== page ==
We’ve all been there before – caught up in writing that last-minute email before rushing off to tackle something else on the work to-do list. Hit SEND and move on, right? Not so fast. Writers and editors know that those last minutes are the best time to fix potentially embarrassing, simple grammatical errors.
In the rush of finishing that email, or whatever you’re writing to represent your business or company, sit back and take a deep breath. Do a spell check, of course. Then read it again. Look for the following common grammatical bugaboos before sending your written communications out into the world.
1. It’s always means it is
A common mistake is the use of it’s as a possessive pronoun. After all, singular nouns take possession with an apostrophe and an s, as in the company’s employees or the computer’s knack for crashing. So, it makes sense that the writer would be tempted to write it’s knack for crashing is a problem.
However, it’s is actually a contraction and always means it is. Its without the apostrophe is the possessive pronoun. For example: It’s a profitable company overall, but its sales have declined in the fourth quarter.
2. Who’s there?
It can be confusing to know when to use their, they’re or there in a sentence. However, each word has its specific purpose.
Their is always a possessive pronoun, never any other part of speech. For example: Their business model is cutting edge.
They’re is a contraction of they are. They’re scheduling interviews for the new position is the same as they are scheduling interviews for the new position.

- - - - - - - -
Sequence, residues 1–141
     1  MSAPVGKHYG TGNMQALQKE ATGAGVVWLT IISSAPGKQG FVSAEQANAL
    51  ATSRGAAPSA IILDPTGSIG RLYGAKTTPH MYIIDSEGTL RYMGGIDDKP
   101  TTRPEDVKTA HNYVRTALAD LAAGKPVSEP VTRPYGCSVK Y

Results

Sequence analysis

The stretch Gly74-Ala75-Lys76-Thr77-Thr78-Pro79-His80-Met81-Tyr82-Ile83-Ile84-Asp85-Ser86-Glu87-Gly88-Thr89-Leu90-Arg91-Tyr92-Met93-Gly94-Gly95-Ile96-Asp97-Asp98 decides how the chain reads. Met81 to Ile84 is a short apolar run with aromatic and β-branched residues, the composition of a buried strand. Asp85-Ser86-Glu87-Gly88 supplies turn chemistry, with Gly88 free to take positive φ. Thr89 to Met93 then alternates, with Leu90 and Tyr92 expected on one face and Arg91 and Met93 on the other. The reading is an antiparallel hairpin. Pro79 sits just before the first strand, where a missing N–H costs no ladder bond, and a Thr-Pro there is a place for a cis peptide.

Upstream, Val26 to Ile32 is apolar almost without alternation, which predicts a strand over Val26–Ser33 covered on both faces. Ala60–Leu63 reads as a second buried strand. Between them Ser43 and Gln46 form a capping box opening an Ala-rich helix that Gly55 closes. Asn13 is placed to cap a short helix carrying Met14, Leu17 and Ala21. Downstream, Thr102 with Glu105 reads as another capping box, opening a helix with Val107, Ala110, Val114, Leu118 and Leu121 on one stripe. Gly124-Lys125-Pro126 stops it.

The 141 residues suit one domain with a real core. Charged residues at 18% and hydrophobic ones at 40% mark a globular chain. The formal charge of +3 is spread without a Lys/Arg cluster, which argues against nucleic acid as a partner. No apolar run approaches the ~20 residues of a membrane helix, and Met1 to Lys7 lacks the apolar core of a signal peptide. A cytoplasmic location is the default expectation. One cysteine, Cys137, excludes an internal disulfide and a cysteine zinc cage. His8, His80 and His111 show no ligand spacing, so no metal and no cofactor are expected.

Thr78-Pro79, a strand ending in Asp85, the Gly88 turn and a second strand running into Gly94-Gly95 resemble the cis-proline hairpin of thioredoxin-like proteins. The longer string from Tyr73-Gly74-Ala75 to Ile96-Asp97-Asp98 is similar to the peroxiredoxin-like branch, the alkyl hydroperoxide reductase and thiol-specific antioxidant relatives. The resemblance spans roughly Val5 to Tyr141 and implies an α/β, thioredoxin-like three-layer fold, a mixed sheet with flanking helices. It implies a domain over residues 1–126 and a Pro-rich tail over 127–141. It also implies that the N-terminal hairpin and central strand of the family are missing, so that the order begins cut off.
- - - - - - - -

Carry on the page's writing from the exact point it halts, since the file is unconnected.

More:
There can be an adjective, a noun or an adverb. If their or they’re doesn’t work in your sentence based on the above rules, then use there. For example: On their lunch break, the staff members are going there for a quick bite.
3. If, then, other than
The difference between then and than is a matter of time and comparison, literally. Then is only used when you’re writing about something relating to time, often in an if/then construction. For example: If profits don’t climb considerably by the end of the budget year, then the company will have to consider cutting costs. When writing about comparisons, then than is the correct word. For example: That product is selling better than all the others combined.
4. Effect vs. affect
Effect is most often used as a noun, whereas affect is most often used as a verb. (Even more confusing, effect can be a verb and affect can be a noun, but again, not most commonly.)